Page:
A couple were awarded PhDs together six years after they came to the UK from Syria.
Dr Joud Sabouni and Dr Murhaf Jalab were joined by their family at the celebration in Preston, with four-year-old son Majed proudly cheering them on, as they both accepted PhD awards for their work related to brain cancer and infectious diseases research, respectively at the University of Central Lancashire (UCLan).
The couple’s educational journey started in their native Syria, where they met whilst studying for their Masters’ degrees before war forced them to flee the country in 2015.
Whilst in Turkey, Joud and Murhaf applied for scholarships through Cara (the Council for At-Risk Academics), which led them to be offered full fee-waiver scholarships from UCLan to study in the School of Pharmacy and Biomedical Sciences.
Joud, said: “Today represents the end of what was a very difficult journey at times. Although it was hard to leave our country, we felt happy to have this opportunity to do our PhD studies and achieve our dreams. We’ve both enjoyed living in Preston and being able to continue our research at UCLan.”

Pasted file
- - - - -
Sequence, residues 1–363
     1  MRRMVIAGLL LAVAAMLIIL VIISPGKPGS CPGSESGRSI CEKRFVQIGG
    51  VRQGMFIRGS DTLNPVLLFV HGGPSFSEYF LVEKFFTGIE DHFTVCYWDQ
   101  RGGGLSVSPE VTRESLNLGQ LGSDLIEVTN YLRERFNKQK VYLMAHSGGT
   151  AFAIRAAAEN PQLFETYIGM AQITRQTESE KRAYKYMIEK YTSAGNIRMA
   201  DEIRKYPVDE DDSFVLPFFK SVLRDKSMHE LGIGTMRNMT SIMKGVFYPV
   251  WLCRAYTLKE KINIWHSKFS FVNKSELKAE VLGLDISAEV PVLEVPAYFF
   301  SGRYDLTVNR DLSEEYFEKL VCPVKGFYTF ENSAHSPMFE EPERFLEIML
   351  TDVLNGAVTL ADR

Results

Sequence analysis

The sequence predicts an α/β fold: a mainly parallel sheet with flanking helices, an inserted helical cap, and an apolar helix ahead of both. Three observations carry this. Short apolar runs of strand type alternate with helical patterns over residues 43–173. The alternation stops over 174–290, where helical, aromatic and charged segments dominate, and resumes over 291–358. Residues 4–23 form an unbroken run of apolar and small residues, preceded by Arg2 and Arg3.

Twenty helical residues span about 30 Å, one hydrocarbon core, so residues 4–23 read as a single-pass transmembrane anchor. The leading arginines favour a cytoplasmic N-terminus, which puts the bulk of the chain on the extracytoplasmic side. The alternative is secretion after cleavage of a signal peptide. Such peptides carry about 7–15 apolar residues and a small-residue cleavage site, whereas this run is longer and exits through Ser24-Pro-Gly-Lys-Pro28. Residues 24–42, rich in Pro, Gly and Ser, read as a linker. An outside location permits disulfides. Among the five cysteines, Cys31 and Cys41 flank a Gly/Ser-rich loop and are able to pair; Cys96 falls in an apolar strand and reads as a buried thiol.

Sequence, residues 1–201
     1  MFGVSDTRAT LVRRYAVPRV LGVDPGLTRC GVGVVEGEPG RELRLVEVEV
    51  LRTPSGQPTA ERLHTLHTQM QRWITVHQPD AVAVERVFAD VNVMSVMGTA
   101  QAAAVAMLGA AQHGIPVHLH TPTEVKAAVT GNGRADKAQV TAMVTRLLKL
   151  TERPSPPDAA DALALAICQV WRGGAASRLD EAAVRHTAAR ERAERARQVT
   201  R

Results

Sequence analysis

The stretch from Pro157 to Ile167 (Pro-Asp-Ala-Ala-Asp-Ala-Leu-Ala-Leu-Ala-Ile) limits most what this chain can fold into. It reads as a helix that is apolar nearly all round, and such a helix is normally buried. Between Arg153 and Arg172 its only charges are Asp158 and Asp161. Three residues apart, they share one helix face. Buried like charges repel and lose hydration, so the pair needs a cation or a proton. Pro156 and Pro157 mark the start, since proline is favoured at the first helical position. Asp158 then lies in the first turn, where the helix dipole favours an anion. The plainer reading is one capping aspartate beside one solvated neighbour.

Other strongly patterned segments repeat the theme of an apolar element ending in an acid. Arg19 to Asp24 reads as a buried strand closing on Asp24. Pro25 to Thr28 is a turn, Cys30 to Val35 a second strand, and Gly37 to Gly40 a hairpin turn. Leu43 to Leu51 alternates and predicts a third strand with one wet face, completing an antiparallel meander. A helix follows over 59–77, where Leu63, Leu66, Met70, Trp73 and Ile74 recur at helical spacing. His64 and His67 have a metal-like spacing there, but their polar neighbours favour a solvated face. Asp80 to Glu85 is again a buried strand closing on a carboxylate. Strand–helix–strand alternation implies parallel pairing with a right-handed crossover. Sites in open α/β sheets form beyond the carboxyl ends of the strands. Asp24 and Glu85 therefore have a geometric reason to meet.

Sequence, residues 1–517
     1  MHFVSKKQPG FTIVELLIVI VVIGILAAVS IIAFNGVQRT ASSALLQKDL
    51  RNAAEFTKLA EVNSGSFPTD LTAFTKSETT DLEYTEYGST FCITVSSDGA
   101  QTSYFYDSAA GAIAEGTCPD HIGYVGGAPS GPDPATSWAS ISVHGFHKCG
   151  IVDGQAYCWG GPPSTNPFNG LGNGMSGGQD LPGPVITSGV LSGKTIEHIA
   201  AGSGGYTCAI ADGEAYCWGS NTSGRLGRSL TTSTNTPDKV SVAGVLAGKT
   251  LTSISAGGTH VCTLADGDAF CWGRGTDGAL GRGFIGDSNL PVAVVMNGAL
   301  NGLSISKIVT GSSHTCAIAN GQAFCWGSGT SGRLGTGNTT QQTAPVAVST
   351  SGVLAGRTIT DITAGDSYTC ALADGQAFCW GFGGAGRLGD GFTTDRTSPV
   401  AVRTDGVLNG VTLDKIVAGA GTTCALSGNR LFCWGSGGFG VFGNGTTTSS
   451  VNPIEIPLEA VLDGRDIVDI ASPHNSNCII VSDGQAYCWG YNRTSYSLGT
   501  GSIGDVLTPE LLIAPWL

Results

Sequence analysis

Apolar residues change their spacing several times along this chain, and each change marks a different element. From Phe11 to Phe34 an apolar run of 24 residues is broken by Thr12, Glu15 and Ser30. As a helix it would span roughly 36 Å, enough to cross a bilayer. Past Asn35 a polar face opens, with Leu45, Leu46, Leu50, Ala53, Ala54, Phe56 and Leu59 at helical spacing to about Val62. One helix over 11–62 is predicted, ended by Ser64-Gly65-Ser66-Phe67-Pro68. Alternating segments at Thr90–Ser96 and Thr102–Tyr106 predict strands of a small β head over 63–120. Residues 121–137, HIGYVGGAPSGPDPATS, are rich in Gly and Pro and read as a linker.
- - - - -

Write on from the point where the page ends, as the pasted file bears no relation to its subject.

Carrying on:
Murhaf said: “I’m not sure Majed really understood why his parents were on a stage being given awards, but he was very excited all the same and it was lovely for Joud and I to graduate together.”
In addition to adjusting to living and studying in a new country, Joud and Murhaf also had to adapt to life as new parents during their PhD studies when Majed was born in 2017.
“I had to spend many weekends working in the lab, which was hard at times when I had a baby at home to look after.” said Joud. “The nature of our research means that time is of the essence because we work on live cells. We’ve had to make sacrifices so it’s nice to finally celebrate with our families, who have been so supportive.”
Since finishing their doctorate degrees, Joud and Murhaf have welcomed a second son, Yazan, and spent the last year working at the University of Nottingham as postdoctoral research fellows.
Murhaf added: “We will always be grateful to our supervisors, UCLan, and Cara for their support. Our hope has always been to make a difference in cancer and infectious diseases research through our work. We hope to be able to continue living and working in the UK to develop our research further.”